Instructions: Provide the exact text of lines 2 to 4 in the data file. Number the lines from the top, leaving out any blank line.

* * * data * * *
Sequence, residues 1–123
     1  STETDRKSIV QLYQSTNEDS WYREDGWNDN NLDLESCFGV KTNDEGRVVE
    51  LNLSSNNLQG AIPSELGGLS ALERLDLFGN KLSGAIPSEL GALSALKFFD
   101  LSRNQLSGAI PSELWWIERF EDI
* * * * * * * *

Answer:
     1  STETDRKSIV QLYQSTNEDS WYREDGWNDN NLDLESCFGV KTNDEGRVVE
    51  LNLSSNNLQG AIPSELGGLS ALERLDLFGN KLSGAIPSEL GALSALKFFD
   101  LSRNQLSGAI PSELWWIERF EDI